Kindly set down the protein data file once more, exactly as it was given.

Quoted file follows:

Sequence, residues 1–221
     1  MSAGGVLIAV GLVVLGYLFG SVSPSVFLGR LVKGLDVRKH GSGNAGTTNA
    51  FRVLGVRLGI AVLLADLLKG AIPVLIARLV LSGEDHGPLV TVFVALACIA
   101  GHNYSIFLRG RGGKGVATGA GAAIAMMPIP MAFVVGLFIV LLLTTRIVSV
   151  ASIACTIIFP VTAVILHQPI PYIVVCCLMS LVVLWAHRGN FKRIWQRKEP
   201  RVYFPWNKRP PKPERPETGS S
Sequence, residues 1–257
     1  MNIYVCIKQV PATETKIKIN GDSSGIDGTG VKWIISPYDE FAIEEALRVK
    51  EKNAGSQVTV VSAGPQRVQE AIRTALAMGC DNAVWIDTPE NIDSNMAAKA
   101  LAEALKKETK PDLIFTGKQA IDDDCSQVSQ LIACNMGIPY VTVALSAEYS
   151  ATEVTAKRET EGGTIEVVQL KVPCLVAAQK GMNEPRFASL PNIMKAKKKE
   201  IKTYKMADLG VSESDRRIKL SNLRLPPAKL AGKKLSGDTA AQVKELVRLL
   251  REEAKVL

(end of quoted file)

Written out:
Sequence, residues 1–221
     1  MSAGGVLIAV GLVVLGYLFG SVSPSVFLGR LVKGLDVRKH GSGNAGTTNA
    51  FRVLGVRLGI AVLLADLLKG AIPVLIARLV LSGEDHGPLV TVFVALACIA
   101  GHNYSIFLRG RGGKGVATGA GAAIAMMPIP MAFVVGLFIV LLLTTRIVSV
   151  ASIACTIIFP VTAVILHQPI PYIVVCCLMS LVVLWAHRGN FKRIWQRKEP
   201  RVYFPWNKRP PKPERPETGS S
Sequence, residues 1–257
     1  MNIYVCIKQV PATETKIKIN GDSSGIDGTG VKWIISPYDE FAIEEALRVK
    51  EKNAGSQVTV VSAGPQRVQE AIRTALAMGC DNAVWIDTPE NIDSNMAAKA
   101  LAEALKKETK PDLIFTGKQA IDDDCSQVSQ LIACNMGIPY VTVALSAEYS
   151  ATEVTAKRET EGGTIEVVQL KVPCLVAAQK GMNEPRFASL PNIMKAKKKE
   201  IKTYKMADLG VSESDRRIKL SNLRLPPAKL AGKKLSGDTA AQVKELVRLL
   251  REEAKVL